Since learning Lawrence Alternative High School will close, some parents have considered an alternative school in Lecompton for their children next year.
But it seems unlikely that LAHS students could go to the John Dewey Learning Academy.
The 38-student public school is funded by state and federal grants and payments from seven school districts.
Students come to the school for a variety of reasons, ranging from behavior problems to having fallen behind because of health issues, said academy principal Terri Coughlin.
Each school district pays $5,600 yearly for each student.
The seven districts are McLouth, Oskaloosa, Valley Falls, Jefferson County North, Jefferson West, Perry-Lecompton and Atchison County Community Schools. But the Lawrence district is not part of the consortium, so parents would need to foot the bill. And it is still not clear that the students would be accepted.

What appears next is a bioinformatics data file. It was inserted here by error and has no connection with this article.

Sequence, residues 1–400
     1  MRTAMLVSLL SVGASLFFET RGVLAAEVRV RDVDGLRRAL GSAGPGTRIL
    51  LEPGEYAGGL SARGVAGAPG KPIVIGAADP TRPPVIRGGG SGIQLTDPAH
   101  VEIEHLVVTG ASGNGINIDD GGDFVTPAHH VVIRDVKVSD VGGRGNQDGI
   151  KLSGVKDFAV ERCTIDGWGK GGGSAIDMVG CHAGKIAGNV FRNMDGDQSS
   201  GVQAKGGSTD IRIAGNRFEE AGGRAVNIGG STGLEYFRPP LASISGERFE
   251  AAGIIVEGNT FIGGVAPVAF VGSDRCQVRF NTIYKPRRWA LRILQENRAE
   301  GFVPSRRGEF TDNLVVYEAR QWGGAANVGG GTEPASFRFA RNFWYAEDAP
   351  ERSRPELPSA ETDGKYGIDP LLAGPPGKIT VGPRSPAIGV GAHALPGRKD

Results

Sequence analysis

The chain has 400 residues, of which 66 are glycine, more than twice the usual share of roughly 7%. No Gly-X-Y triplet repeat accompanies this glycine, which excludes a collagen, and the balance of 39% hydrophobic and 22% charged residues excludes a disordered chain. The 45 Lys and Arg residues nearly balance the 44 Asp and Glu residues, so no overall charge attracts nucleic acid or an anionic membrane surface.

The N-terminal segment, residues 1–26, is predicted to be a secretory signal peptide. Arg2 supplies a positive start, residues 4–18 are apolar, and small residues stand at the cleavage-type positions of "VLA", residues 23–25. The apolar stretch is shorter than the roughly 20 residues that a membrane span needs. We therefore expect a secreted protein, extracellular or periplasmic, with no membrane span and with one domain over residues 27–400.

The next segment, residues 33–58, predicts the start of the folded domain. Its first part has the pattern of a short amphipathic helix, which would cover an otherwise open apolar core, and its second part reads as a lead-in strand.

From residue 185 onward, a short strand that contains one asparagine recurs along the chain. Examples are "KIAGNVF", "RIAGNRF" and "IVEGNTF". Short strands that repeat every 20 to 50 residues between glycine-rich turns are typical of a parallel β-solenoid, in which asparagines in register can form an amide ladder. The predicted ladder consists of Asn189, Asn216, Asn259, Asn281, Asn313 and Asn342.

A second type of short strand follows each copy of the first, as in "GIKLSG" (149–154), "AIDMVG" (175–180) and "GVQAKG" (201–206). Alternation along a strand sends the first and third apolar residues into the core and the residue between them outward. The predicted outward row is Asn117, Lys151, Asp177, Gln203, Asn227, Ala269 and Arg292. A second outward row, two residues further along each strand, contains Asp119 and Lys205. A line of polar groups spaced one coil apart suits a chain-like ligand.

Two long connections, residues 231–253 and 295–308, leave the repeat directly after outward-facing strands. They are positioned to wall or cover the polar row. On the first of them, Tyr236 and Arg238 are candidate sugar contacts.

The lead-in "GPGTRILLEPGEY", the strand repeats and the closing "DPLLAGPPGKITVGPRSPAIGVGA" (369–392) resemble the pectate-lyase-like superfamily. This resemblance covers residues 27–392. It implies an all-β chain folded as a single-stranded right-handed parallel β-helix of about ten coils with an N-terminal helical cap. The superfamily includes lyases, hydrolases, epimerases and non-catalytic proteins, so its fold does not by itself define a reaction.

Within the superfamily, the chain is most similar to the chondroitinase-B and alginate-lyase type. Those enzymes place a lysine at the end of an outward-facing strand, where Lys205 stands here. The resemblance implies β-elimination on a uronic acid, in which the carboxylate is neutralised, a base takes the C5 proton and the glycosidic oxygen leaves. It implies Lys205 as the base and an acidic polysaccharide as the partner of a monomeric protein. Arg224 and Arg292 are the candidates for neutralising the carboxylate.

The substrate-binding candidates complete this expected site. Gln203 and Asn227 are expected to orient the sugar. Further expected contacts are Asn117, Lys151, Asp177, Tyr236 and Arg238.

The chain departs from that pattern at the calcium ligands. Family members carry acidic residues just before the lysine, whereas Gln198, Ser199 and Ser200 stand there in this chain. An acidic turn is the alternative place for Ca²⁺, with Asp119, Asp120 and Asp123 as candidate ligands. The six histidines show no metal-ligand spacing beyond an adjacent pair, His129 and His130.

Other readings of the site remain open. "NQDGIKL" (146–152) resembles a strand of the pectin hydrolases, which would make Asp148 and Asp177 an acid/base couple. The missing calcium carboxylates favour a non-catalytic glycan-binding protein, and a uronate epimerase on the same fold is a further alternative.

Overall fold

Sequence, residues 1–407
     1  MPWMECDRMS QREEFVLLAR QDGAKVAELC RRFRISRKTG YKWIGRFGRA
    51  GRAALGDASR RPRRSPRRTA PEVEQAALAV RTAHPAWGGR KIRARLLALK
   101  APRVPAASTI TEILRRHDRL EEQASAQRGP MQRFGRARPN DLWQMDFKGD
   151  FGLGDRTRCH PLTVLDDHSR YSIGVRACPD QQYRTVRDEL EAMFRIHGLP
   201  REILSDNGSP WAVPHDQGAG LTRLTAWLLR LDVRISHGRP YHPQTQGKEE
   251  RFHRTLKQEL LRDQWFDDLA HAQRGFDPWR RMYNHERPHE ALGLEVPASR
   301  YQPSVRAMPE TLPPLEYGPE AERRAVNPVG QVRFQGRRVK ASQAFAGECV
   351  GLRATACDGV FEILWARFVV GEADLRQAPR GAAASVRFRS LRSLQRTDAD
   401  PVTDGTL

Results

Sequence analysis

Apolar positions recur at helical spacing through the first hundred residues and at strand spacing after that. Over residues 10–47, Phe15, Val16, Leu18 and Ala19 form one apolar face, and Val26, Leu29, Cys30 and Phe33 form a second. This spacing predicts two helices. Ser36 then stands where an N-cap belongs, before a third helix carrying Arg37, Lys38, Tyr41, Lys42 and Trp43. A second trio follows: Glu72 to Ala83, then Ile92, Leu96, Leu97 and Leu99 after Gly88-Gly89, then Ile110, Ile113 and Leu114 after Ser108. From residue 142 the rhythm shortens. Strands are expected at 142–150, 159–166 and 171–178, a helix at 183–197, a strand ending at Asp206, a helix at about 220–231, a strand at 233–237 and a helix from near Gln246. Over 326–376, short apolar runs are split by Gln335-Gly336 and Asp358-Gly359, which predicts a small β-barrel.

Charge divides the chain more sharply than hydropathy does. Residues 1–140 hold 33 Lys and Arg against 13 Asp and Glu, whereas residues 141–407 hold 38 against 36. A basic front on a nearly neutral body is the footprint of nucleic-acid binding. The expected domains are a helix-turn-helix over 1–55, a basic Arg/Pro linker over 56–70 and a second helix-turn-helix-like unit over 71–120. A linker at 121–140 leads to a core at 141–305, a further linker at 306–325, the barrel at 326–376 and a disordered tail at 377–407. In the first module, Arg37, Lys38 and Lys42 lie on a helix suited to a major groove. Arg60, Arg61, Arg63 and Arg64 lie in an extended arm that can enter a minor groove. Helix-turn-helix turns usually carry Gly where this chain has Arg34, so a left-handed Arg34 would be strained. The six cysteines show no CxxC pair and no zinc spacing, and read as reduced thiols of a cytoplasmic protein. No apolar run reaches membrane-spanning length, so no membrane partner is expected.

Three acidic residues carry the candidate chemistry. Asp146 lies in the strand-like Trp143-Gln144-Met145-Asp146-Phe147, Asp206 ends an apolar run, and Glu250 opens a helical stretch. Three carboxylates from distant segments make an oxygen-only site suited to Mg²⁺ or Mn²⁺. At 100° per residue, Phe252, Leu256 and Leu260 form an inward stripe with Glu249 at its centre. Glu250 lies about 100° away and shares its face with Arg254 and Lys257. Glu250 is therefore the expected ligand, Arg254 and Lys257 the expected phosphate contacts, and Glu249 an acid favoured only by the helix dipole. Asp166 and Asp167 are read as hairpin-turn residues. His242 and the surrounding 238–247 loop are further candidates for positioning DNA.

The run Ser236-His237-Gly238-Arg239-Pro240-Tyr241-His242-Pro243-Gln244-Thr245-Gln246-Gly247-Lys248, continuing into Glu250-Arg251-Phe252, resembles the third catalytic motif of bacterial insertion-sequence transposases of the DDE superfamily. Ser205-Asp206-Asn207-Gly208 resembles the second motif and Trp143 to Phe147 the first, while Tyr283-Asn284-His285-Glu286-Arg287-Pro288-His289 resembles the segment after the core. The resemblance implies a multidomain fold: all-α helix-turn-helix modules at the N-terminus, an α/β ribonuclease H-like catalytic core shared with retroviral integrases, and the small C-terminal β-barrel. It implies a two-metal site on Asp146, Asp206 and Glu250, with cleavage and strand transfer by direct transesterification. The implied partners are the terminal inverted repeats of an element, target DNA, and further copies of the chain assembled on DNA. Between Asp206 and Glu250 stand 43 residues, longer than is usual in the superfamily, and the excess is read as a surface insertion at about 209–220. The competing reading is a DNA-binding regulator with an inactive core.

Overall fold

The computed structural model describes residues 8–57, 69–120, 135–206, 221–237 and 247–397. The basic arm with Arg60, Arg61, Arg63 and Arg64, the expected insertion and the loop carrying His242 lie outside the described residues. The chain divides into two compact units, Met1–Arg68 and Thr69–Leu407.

Coughlin said four or five LAHS parents called her at the beginning of December, after news of the closure spread.
"Everybody's kind of settled back down," Coughlin said. "We'll probably start getting them again in the spring."
It hasn't been decided whether Lawrence parents could pay to send their children to the academy, said James Wheeler, executive director of the Northeast Kansas Education Service Center, a cooperative of the seven districts.
He said he wasn't sure he wanted to ask the board to approve admitting Lawrence students. And if a Lawrence family moved into one of the cooperative's school districts, that wouldn't guarantee transfer to the academy, Wheeler said.
Participating districts decide yearly how many slots they want to buy in the academy, which is already near capacity, he said.